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Label is useful and should stay in Lisp.
- To: KMP at MIT-MC, (BUG LISP) at MIT-MC, BKPH at MIT-MC
- Subject: Label is useful and should stay in Lisp.
- From: MACRAK at MIT-MC (Stavros M. Macrakis)
- Date: Fri, 21 Dec 79 21:39:00 GMT
- Original-date: 21 DEC 1979 1639-EST
I was wrong about Label being the only way to write pure recursive Lisp,
given Funcall, which I agree is nice, but on the other hand is not in
Lisp 1.5, and is not universal Lisp. But I won't quibble about this.
I stand on my statement that Label is useful and even an integral part
of Lisp. Conceptually, it is different to Lambda-bind an atom to a function
and to Label-bind it to one. One of the problems is the scope of the binding.
How do you write a FUNCTION (as opposed to a function application) with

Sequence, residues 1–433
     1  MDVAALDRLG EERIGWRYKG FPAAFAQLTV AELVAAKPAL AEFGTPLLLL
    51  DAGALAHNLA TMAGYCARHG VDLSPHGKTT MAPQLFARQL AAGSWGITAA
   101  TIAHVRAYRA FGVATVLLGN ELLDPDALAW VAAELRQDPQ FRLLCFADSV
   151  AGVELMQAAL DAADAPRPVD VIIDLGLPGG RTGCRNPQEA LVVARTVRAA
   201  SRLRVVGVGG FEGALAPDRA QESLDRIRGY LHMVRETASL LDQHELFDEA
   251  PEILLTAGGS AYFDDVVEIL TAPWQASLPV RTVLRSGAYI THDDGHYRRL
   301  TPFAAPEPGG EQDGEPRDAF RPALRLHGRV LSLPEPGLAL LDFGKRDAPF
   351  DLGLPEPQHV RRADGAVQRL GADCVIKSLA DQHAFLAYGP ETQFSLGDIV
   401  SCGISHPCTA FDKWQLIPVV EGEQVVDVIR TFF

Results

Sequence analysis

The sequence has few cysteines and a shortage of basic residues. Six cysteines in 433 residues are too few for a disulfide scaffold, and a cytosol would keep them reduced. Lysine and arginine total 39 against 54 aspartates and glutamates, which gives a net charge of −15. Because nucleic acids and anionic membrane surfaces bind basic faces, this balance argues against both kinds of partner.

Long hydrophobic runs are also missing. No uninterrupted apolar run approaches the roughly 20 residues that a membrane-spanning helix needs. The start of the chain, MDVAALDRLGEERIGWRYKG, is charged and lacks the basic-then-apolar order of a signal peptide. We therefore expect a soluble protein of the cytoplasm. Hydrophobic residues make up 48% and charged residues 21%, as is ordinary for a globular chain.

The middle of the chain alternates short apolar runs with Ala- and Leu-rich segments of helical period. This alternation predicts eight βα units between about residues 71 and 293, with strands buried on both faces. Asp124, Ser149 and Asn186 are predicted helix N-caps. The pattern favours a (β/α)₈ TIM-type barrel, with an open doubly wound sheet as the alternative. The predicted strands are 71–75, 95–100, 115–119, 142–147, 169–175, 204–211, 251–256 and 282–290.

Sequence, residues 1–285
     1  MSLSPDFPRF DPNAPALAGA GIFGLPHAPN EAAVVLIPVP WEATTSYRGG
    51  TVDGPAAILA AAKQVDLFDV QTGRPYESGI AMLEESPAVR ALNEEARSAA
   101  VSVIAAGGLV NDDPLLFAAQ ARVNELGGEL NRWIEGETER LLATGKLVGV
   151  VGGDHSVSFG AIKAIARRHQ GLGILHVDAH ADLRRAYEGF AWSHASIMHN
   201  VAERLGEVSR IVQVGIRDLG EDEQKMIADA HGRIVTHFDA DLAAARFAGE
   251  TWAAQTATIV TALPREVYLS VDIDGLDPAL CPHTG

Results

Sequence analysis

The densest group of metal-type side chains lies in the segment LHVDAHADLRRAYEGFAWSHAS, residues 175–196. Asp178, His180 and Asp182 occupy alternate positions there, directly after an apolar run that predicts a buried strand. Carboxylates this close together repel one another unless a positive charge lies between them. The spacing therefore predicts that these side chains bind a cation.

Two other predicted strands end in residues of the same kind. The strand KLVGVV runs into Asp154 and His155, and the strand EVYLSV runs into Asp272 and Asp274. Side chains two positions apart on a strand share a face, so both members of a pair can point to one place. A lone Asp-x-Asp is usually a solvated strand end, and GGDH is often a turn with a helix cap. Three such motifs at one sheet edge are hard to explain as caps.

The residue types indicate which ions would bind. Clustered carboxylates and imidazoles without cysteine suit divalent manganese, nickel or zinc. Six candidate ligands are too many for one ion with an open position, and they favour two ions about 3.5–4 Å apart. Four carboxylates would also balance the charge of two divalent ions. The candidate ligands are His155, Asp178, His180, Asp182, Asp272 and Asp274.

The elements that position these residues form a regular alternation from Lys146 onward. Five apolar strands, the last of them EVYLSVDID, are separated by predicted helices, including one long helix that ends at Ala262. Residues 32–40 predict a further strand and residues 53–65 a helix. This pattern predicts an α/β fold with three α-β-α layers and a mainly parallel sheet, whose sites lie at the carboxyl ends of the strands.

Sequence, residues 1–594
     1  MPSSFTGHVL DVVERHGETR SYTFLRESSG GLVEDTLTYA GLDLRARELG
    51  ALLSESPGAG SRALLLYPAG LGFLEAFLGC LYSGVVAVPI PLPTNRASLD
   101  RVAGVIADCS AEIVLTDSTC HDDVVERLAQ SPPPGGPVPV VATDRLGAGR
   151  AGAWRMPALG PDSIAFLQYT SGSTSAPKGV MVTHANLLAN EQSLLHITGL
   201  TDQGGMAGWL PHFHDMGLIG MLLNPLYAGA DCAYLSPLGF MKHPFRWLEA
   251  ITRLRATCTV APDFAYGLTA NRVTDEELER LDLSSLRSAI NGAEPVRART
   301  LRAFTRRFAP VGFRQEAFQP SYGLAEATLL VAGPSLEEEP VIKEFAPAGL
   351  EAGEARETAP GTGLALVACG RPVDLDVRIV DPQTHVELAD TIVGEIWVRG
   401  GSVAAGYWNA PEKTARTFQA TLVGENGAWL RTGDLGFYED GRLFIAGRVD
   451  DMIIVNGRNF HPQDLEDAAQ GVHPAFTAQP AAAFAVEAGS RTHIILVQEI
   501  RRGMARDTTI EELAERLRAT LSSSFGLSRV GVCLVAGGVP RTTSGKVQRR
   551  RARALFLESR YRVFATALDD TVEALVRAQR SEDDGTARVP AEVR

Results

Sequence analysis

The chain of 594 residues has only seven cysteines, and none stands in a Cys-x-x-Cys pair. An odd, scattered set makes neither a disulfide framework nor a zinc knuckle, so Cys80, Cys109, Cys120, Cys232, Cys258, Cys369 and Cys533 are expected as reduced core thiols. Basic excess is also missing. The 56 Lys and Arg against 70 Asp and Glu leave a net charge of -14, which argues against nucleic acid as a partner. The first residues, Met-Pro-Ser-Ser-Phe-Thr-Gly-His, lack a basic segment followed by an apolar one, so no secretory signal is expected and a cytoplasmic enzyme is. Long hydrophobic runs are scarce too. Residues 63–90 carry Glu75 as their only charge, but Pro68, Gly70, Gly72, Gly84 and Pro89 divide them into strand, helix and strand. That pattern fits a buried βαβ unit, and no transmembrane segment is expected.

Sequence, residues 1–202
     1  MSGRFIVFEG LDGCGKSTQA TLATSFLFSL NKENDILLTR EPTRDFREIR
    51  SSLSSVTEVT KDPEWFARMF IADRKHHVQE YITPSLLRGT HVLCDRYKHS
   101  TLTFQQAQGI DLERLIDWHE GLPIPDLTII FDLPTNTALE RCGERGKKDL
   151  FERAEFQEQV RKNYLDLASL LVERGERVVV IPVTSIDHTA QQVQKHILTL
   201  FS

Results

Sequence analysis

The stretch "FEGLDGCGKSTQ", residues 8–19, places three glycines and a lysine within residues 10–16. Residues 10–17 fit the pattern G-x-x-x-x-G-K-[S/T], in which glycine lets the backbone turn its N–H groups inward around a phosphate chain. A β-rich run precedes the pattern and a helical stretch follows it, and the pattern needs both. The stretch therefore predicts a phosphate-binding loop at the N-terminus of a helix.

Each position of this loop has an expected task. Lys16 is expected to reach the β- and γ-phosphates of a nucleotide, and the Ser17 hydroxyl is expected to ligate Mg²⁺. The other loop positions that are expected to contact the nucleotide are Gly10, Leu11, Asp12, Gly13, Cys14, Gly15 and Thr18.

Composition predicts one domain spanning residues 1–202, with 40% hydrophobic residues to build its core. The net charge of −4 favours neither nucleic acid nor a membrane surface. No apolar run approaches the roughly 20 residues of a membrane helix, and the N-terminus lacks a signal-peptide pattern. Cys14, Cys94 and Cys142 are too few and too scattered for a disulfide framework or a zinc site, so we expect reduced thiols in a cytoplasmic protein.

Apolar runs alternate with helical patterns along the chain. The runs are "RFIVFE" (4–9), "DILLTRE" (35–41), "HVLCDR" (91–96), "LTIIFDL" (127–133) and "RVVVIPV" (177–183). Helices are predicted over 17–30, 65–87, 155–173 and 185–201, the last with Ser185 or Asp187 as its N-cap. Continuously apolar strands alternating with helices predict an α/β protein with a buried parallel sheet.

this recursion? The ways I can think of are rather clumsy, since the
outermost lambda must name the lambda-variables:
(lambda (a b)
((lambda (f) (funcall f a b))
'(lambda (a b) ...(funcall f ...)...))).
This seems clumsy to me compared to:
(label f (lambda (a b) ...(f ...)...)),
since you have to write the lambda-list twice, and repeat it to pass it
along, and then use (funcall f ...) through the whole body instead of (f ...).
The basic problem is that f is no longer a FUNCTION within the body, but
rather a variable representing a function: a concept which is more appropriate
for functional arguments, for instance.
Since one of the strengths of Lisp is the concept of Function, it seems
a pity to emasculate it.
I agree entirely that the current implementation of Label is a crock, but
then so are a lot of other things. Consider Store, for instance, or
Pseudo-Funargs. I would be much happier with a better implementation, but
terribly unhappy not to have Label at all.